The Brazilian military will soon revolutionize the national arms market. Although the military regulations on gun control date back to the 1930s, President Temer has proposed changes to the text.
The new regulations will permit the importation of revolvers, rifles, and certain types of pistols. For example, the .380, .40, and .45 caliber pistols will provide greater firepower for public security organs.
Despite strong lobbying in the 1990s, these recent regulations combat the national industry’s efforts to keep out foreign arms. Specifically, the military forwarded changes in article 190 of the R-105 (regulations for controlled products). The Defense Ministry and Civil House are still discussing the finalization of these changes.
The Directory of Fiscalization of Controlled Products (DFPC) changed the text to allow for guns as long as they did not serve “a final use for the Armed Forces” – no missiles, canons, etc. In other words, the market has officially opened to so-called “light weapons”: rifles, revolvers, and certain types of pistols.
Open to interpretation
Regulations prohibit any purchase of “similar” gun products from abroad. However, the details on what constitutes a “similar” product ultimately fall upon the military itself. In fact, the military administration argues that prohibition itself is a question of interpretation.
“It’s up to purely subjective interpretation on the part of the Military, that doesn’t leave any clear criteria as to what is ‘similar’,” said Humberto Fernandes, the president of the Brazilian Confederation of Shooting and Hunting (CTCB).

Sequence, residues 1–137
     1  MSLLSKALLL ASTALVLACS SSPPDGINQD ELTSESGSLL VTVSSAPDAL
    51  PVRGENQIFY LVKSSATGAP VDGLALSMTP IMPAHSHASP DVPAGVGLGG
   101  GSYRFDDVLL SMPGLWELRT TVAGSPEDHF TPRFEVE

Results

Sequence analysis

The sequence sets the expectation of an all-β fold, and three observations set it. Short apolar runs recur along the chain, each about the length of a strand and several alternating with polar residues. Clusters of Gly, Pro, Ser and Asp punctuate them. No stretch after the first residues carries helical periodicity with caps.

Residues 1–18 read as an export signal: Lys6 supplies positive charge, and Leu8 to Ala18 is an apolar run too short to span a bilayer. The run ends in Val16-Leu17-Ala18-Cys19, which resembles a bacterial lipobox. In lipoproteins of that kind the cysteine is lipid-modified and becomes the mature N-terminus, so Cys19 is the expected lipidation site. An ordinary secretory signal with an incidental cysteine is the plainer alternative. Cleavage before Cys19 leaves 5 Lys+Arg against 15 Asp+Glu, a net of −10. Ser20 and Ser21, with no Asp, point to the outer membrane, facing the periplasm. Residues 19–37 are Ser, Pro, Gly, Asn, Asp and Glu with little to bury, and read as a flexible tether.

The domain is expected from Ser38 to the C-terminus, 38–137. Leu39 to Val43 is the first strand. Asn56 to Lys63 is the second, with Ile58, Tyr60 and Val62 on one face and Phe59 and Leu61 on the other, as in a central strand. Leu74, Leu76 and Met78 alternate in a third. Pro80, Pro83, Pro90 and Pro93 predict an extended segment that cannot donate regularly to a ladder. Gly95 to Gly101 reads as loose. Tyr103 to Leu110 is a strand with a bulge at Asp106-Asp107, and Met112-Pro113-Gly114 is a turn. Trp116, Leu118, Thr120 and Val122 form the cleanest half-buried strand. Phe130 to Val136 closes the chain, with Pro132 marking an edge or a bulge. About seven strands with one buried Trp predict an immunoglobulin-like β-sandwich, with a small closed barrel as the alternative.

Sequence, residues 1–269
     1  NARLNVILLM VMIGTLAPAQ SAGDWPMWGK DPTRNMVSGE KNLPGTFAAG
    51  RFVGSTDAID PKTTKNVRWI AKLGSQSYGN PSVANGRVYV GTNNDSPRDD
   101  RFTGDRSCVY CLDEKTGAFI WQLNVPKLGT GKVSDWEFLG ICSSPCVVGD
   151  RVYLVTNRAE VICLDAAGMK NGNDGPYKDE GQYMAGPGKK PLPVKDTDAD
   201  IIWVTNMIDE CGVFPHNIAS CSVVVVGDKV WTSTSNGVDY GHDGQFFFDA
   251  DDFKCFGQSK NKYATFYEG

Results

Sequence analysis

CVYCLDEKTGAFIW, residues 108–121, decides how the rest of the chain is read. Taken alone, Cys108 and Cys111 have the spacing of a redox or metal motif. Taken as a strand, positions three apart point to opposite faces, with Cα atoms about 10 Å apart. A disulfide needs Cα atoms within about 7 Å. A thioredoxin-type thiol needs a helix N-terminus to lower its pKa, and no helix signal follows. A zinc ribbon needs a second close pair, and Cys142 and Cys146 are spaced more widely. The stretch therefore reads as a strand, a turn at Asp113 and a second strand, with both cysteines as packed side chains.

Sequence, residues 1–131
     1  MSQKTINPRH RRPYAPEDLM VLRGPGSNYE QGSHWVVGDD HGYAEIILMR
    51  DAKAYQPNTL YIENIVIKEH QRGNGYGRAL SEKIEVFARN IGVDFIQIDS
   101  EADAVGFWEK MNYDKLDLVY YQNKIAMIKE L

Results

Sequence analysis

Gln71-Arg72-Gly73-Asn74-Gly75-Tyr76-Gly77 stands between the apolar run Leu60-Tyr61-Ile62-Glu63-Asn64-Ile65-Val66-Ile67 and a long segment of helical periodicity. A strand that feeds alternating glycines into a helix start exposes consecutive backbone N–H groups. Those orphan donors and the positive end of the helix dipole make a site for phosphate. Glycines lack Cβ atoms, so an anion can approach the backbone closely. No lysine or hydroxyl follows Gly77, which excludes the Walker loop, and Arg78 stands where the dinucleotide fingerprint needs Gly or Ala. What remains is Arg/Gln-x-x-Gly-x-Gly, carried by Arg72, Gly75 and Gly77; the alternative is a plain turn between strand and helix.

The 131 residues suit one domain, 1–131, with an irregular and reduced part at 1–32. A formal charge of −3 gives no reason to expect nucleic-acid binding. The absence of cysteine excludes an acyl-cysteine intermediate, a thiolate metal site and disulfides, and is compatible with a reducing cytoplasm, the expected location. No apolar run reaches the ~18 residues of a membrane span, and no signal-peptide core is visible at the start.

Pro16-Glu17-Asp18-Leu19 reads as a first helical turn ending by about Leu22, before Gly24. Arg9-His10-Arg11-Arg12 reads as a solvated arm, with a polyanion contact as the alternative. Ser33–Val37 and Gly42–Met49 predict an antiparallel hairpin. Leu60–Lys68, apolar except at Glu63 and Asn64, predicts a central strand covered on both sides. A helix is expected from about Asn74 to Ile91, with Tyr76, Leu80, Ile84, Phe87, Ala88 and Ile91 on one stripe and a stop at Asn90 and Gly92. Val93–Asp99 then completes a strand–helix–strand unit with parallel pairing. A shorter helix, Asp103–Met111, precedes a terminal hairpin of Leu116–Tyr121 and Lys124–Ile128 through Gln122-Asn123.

Foreign gun purchase controls also generated controversy back in 2004, when ex-president Lula da Silva signed the Disarmament Statute to specify these restrictions. The statute became known as the “Taurus Amendment”, named for the largest gun producer in Latin America.
The “Forjas Taurus” company has belonged to the Brazilian Company of Cartridges (CBC) since 2014 and holds a monopoly on the national arms market. As a result, the company can sell weapons to the military at extremely high prices. For example, the same ammunition box sold at $6 abroad costs the Brazilian Armed Forces about $40.
In addition to overpricing, the national military has questioned the quality of the Taurus guns. The military registered at least 90 incidents of the guns locking or going off on their own without pulling the trigger since 2005. After conducting a full investigation into the equipment, certain Taurus products were pulled off the market last October.
Currently, the Brazilian Disarmament Statute restricts the purchase and possession of arms to active professionals, with the exception of certain persons who can prove the need for physical protection due to specific risks or threats. However, the Lower House is evaluating new measures which would permit the possession of guns to any citizen over 21. According to national crime data, over 880,000 people died in Brazil from gunfire between 1980 and 2012.